Over the last two decades, there has been an increase in the number of publications related to IPMN. Many of these reports suggest that the frequency of IPMN is increasing, an observation that coincides with the increasing use and availability of computed tomography (CT) and other abdominal imaging modalities[5-7]. The vast majority of these studies have dealt with the diagnosis and operative outcome of affected patients rather than the epidemiology or natural history[8-10]. Given that there are no ‘screening’ protocols for IPMN to-date (not deemed necessary because of its rarity), available data on incidence and prevalence is primarily based on extrapolation from single tertiary health care center reports. The underlying assumption is that all patients with IPMN in that population were treated at the designated hospital. Therefore, there is an obvious risk of under-estimating the incidence or prevalence of IPMN since only patients who are symptomatic or receive an incidental diagnosis receive clinical attention.

Cognizant of the above issues, we reported the first and only population-based study of the incidence and prevalence of IPMN[11]. The study population encompassed Olmsted County, Minnesota, which is served by a unified healthcare system. The goal was to take advantage of the Rochester Epidemiology Project (REP)[12], a unique medical records-linkage system that encompasses the care delivered to residents of Olmsted County, Minnesota. The REP combines clinical documentation of patients seen at Mayo Clinic with those obtained by other providers in the county. The REP is therefore able to provide incidence data for almost any condition and can also support population-based analytic studies of diseases and outcomes.

In our study, the multi-linked REP database was queried for all in- and out-patient visits, autopsy reports, and nursing home care using the relevant International Classification of Diseases (ICD) codes. Patients with a clinical diagnosis of IPMN made on imaging, endoscopy (including endoscopic ultrasound and/or endoscopic retrograde pancreatography), or pathological assessment were included. Pathological slides of all identified cases were examined by two expert pathologists. Incident cases were identified between January 1, 1984, and December 31, 2005, among residents of Olmsted County aged 20 years or older.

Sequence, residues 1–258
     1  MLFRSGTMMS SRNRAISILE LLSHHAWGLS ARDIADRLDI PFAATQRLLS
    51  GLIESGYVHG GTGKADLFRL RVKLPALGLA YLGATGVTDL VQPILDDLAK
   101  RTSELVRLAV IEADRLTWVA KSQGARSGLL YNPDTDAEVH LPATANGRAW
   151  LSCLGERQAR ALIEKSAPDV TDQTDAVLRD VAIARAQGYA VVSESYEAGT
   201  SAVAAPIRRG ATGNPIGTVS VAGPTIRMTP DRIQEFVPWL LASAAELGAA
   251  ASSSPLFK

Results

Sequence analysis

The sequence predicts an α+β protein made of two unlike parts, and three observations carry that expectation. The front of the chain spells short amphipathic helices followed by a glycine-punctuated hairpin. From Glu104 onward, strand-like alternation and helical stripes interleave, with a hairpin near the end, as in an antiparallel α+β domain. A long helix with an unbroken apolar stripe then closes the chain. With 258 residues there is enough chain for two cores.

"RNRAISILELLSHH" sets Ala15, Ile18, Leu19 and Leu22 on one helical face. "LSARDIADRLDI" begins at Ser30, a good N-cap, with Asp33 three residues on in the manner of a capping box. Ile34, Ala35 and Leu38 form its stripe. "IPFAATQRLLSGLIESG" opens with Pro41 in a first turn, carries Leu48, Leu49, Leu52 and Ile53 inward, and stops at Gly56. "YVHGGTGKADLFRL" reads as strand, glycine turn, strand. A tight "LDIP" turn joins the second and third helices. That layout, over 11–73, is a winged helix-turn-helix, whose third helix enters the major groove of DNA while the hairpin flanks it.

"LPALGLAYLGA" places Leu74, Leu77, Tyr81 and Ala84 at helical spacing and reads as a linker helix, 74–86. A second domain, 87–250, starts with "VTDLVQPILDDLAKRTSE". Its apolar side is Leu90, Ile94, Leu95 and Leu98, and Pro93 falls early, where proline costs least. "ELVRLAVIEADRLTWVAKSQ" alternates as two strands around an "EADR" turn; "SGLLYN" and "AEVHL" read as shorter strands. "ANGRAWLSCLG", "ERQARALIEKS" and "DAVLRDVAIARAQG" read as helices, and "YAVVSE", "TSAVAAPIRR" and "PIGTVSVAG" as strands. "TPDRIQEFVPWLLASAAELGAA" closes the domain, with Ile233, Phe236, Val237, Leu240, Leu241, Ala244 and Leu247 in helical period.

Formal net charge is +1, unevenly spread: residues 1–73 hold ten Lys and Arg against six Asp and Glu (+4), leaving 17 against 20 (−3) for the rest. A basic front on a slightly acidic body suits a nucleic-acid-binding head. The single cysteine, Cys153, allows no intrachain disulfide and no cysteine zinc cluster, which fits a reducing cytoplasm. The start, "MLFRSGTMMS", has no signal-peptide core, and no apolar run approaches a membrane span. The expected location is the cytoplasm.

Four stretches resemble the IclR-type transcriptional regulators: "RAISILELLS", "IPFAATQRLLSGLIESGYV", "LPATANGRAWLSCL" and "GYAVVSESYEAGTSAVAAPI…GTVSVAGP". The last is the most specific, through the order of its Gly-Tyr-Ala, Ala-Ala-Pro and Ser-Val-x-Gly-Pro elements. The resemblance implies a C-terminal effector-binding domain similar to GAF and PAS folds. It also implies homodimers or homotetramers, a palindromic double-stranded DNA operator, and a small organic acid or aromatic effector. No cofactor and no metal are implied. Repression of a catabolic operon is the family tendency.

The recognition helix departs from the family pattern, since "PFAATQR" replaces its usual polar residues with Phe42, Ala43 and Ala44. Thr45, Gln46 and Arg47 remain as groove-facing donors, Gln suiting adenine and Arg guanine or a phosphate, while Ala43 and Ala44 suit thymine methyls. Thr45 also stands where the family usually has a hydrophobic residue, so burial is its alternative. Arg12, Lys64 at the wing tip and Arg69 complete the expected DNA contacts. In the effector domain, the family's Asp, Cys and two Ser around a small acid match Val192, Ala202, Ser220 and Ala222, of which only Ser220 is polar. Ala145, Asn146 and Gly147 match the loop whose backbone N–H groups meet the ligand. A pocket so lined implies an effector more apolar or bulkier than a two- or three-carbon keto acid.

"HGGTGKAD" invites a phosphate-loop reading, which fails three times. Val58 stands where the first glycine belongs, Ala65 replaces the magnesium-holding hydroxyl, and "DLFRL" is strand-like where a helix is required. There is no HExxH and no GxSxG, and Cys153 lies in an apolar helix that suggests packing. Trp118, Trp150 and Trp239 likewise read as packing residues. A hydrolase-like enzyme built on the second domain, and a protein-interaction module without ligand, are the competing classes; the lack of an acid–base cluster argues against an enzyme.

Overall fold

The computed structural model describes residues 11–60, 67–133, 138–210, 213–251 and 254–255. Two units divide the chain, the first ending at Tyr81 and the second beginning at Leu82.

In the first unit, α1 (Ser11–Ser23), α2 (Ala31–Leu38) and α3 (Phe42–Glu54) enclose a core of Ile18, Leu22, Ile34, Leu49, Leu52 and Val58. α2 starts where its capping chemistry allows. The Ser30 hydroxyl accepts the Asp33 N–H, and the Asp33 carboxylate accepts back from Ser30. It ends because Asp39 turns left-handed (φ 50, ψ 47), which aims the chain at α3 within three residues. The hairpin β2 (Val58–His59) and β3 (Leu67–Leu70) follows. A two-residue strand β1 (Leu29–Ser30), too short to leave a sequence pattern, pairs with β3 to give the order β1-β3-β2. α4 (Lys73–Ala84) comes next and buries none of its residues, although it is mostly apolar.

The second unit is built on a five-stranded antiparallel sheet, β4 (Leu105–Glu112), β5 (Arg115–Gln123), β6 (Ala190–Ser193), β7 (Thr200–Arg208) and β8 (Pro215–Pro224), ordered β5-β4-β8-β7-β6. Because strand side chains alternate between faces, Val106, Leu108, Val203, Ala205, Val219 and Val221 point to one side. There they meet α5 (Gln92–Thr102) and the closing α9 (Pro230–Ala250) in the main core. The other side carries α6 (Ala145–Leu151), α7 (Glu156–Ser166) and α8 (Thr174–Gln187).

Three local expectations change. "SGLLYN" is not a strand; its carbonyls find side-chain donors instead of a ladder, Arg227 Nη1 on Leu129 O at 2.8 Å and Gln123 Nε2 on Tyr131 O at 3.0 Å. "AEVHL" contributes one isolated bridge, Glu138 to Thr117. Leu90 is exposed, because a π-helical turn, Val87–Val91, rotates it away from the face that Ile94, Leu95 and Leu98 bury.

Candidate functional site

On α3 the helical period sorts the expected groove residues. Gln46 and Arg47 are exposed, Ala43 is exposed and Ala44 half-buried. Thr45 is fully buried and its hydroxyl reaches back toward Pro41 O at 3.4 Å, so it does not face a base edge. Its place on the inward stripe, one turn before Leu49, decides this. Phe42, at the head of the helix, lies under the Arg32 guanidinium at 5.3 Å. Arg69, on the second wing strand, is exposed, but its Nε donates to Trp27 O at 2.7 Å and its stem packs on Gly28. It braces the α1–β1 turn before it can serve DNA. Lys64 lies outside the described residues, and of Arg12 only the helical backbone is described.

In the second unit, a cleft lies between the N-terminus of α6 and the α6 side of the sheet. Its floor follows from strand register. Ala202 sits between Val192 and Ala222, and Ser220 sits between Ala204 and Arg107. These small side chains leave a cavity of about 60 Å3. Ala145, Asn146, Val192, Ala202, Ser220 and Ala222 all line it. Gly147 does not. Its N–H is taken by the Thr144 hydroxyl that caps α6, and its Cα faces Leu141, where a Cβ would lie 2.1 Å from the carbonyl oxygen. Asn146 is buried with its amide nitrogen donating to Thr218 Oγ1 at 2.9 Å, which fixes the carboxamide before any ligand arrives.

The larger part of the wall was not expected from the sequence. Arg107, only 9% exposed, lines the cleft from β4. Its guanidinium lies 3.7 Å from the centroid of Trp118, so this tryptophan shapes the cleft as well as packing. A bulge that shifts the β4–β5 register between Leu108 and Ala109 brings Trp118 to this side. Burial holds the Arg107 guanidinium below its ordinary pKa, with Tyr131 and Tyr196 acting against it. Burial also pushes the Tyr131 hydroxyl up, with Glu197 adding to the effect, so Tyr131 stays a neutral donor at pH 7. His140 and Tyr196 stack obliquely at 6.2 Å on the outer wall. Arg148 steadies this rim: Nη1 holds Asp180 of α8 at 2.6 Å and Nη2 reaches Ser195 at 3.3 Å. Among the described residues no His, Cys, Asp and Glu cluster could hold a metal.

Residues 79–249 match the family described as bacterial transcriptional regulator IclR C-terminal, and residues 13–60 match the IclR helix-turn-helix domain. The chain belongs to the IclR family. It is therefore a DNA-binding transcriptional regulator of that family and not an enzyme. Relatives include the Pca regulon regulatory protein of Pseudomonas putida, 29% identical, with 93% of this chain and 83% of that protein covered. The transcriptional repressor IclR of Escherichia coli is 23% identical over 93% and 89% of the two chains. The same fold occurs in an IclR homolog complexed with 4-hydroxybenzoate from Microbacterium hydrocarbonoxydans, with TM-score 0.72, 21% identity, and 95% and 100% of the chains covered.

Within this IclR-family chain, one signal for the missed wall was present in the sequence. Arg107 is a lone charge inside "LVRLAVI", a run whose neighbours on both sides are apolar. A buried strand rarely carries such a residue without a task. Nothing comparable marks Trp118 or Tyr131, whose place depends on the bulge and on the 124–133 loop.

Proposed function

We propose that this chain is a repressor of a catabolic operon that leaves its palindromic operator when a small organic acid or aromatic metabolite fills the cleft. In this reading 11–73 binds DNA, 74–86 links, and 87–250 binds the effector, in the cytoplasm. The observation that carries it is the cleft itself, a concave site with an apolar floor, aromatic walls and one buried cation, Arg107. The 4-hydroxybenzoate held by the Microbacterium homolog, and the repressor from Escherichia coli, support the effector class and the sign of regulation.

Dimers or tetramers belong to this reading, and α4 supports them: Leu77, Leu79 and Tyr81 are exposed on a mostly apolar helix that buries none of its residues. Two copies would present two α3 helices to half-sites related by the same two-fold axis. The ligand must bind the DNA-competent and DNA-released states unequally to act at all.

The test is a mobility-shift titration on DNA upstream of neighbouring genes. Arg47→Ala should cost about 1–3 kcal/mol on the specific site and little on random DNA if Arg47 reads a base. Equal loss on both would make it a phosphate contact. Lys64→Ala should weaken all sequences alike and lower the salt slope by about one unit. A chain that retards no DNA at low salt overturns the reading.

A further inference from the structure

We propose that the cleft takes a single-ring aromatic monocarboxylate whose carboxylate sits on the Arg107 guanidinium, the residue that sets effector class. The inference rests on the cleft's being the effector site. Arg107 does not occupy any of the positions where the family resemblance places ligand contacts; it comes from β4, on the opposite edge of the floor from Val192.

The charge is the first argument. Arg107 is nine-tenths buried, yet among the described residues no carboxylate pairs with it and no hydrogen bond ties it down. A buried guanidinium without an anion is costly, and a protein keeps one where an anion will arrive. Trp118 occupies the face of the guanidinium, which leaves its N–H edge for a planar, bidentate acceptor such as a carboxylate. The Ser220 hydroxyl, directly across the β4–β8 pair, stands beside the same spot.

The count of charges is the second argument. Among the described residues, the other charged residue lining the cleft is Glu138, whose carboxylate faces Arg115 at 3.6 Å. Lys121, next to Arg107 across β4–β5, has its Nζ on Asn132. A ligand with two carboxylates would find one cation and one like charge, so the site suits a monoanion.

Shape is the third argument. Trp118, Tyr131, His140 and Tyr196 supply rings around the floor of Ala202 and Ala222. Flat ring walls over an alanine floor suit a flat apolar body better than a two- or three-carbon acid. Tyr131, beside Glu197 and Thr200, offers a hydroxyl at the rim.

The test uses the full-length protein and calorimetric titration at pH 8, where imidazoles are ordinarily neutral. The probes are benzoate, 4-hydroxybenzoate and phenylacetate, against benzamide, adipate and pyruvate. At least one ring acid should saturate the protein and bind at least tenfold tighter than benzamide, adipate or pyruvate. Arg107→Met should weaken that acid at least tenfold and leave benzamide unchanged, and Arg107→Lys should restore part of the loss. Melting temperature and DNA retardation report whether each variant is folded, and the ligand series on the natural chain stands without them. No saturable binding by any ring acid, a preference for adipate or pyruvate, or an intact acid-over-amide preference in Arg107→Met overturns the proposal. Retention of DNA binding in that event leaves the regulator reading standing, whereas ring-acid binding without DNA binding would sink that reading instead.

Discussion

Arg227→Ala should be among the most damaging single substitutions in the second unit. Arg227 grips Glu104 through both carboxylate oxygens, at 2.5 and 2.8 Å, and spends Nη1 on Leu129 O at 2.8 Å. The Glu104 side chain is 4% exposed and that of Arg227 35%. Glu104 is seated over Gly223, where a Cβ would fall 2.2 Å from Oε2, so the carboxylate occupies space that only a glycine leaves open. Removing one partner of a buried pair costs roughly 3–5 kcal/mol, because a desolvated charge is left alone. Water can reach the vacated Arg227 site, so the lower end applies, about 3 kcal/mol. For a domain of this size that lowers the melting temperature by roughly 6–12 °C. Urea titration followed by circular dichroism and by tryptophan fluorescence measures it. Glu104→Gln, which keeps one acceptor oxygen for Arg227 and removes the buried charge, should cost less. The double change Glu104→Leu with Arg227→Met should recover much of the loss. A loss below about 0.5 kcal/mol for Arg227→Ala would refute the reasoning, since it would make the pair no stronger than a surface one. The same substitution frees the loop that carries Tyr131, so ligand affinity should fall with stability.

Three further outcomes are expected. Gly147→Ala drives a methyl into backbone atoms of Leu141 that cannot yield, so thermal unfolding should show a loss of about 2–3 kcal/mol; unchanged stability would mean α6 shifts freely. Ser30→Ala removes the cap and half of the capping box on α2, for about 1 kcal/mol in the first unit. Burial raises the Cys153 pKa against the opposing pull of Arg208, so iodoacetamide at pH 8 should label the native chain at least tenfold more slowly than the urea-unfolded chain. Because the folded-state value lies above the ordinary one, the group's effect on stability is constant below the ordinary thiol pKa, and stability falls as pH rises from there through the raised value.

The age and sex-adjusted cumulative incidence of IPMN in Olmsted County was 2.04 per 100 000 person-years [95% confidence interval (CI): 1.28-2.80]. The incidence seemed to increase with time (0.3 per 100 000 during 1984-1985 to 4.5 per 100 000 person - years during the period of 2001-2005), but the number of annual cases remained low. The point prevalence, on December 31, 2005, was 25.96 cases per 100 000 persons (95%CI: 14.5-37.3); however, this increased to 99 cases per 100 000 (95%CI: 54-143) in those older than 60 years. The median age at the time of diagnosis was 73.1 years (range 41-92 years), and the majority of patients were asymptomatic and received the diagnosis incidentally.

While the data suggests an increase in the incidence of IPMN over time, it is important to distinguish between a rising diagnosis and treatment of the condition with an accumulation of cases at specialist centers, as opposed to a true rise in incidence[13]. Our data suggests a low incidence in the county which appears to be on the rise. The data, however, does not depict an ‘epidemic’. Further epidemiologic studies may help resolve the true change in pathological behavior.

Recently, Simons and colleagues[14] investigated national resection rates and survival for malignant IPMN between 1988 and 2005 using the nationwide database, Surveillance Epidemiology and End Results (SEER). The United States Census data were utilized to investigate age-adjusted statistics. A total of 1834 patients were identified with malignant IPMN from the database. Of those patients, 54% did not undergo surgery, and the remaining patients had operative resection. The age-adjusted incidence for malignant IPMN varied over the study period varied starting at 0.48 per 100 000 in 1988 to 0.29 per 100 000 in 2003; whereas, the number of patients undergoing resection rose significantly (P = 0.001) from 5.8% in 1998 to 14.8% in 2003, the highest rate of resection being 16% in 2001. The median survival of resected and non-resected patients was 16 and 3 mo respectively. The authors concluded that detection of malignant IPMN is decreasing but earlier detection is contributing to increasing resection rates.